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The impact of Centering Pregnancy Group Prenatal Care on postpartum family planning

Published:September 09, 2013DOI:https://doi.org/10.1016/j.ajog.2013.09.001

      Objective

      The objective of the study was to evaluate the impact of group prenatal care (GPNC) on postpartum family-planning utilization.

      Study Design

      A retrospective cohort of women continuously enrolled in Medicaid for 12 months (n = 3637) was used to examine differences in postpartum family-planning service utilization among women participating in GPNC (n = 570) and those receiving individual prenatal care (IPNC; n = 3067). Propensity scoring methods were used to derive a matched cohort for additional analysis of selected outcomes.

      Results

      Utilization of postpartum family-planning services was higher among women participating in GPNC than among women receiving IPNC at 4 points in time: 3 (7.72% vs 5.15%, P < .05), 6 (22.98% vs 15.10%, P < .05), 9 (27.02% vs 18.42%, P < .05), and 12 (29.30% vs 20.38%, P < .05) months postpartum. Postpartum family-planning visits were highest among non-Hispanic black women at each interval, peaking with 31.84% by 12 months postpartum. After propensity score matching, positive associations between GPNC and postpartum family-planning service utilization remained consistent by 6 (odds ratio [OR], 1.42; 95% confidence interval [CI], 1.05–1.92), 9 (OR, 1.43; 95% CI, 1.08–1.90), and 12 (OR, 1.44; 95% CI, 1.10–1.90) months postpartum.

      Conclusion

      These findings demonstrate the potential that GPNC has to positively influence women's health outcomes after pregnancy and to improve the utilization rate of preventive health services. Utilization of postpartum family-planning services was highest among non-Hispanic black women, further supporting evidence of the impact of GPNC in reducing health disparities. However, despite continuous Medicaid enrollment, postpartum utilization of family-planning services remained low among all women, regardless of the type of prenatal care they received.

      Key words

      For Editors’ Commentary, see Contents
      See related editorial, page 14
      The interconception period from the postpartum visit and until the following pregnancy is an important time for a woman's health, offering an opportunity to address chronic medical and psychosocial conditions, smoking cessation, and weight loss.
      • Tsui A.O.
      • McDonald-Mosley R.
      • Burke A.E.
      Family planning and the burden of unintended pregnancies.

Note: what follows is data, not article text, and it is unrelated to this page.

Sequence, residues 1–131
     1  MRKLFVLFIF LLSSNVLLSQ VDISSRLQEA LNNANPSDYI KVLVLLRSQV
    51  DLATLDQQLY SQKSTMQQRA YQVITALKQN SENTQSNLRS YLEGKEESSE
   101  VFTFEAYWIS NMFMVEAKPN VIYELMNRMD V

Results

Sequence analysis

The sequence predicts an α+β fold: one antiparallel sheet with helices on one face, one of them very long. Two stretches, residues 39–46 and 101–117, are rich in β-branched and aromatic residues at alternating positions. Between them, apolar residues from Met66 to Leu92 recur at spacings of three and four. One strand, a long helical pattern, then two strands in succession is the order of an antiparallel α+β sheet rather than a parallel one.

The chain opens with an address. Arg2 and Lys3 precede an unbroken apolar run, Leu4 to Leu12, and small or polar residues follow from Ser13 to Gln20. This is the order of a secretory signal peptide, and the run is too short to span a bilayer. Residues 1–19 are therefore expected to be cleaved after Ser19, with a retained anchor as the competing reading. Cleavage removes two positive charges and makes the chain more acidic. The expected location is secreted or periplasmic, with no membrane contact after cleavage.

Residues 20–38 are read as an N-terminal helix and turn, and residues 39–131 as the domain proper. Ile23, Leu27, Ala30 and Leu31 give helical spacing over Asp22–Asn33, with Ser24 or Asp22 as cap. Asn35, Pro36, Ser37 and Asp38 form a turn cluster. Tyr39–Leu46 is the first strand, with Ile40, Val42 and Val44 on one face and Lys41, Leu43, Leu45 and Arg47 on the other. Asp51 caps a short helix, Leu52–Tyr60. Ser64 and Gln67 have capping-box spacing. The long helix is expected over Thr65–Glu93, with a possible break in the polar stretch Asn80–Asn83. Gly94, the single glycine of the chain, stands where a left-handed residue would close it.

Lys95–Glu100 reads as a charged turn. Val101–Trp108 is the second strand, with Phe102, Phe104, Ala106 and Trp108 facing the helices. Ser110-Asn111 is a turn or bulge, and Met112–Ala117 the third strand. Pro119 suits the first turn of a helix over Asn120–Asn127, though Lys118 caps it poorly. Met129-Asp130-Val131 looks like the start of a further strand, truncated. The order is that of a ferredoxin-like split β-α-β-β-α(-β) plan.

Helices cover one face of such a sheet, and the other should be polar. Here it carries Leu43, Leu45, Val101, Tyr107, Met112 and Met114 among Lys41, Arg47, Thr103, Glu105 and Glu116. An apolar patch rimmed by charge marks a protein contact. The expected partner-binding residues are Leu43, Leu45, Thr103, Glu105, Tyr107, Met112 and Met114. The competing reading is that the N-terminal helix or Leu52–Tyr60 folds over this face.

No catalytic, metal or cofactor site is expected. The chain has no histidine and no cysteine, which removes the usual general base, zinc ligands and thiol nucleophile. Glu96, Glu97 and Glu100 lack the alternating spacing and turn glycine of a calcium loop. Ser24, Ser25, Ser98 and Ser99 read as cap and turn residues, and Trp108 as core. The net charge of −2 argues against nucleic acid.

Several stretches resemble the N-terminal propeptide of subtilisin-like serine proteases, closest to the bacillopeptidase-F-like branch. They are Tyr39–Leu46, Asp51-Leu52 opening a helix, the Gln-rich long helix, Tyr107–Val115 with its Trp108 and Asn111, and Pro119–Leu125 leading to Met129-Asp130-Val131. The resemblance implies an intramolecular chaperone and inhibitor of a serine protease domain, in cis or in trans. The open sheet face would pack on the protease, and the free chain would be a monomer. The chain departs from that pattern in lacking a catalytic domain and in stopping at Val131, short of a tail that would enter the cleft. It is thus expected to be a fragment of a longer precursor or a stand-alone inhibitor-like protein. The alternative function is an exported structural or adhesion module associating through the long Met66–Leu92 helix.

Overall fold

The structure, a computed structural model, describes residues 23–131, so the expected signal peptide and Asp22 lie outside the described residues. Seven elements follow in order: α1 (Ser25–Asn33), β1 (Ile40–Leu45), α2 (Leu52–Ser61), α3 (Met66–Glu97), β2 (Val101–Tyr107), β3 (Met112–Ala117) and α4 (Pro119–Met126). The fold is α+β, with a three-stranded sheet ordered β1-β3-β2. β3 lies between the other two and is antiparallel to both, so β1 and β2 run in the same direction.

Equally important is family planning to enable women to space their pregnancies, lowering their risk for low birthweight and premature birth, both linked with infant mortality.
      • Conde-Agudelo A.
      • Rosas-Bermudez A.
      • Kafury-Goeta A.C.
      Birth spacing and risk of adverse perinatal outcomes: a meta-analysis.
      This is important because nearly half (49%) of all pregnancies in the United States each year are unintended, and of these, about 43% end in abortion.
      • Finer L.B.
      • Zolna M.R.
      Unintended pregnancy in the United States: incidence and disparities, 2006.
      Pregnancy intention and appropriate birth spacing also carry many personal benefits, affording women greater chances of achieving educational and career goals. The realization of such goals translates to economic benefits for both families and society because of the personal and public cost savings associated with fewer unplanned children.
      • Frost J.J.
      • Finer L.B.
      • Tapales A.
      The impact of publicly funded family planning clinic services on unintended pregnancies and government cost savings.
      Many states recognize the importance of this sensitive time period and subsidize the receipt of family-planning services through the various mechanisms that include Medicaid, Medicaid family-planning waiver programs, Title X, and the Title V Maternal and Child Health Block Grant. These services are delivered through a network of public and private providers including local health departments and other safety net providers.
      • Vamos C.A.
      • Daley E.M.
      • Perrin K.M.
      • Mahan C.S.
      • Buhi E.R.
      Approaching 4 decades of legislation in the national family planning program: an analysis of Title X's history from 1970 to 2008.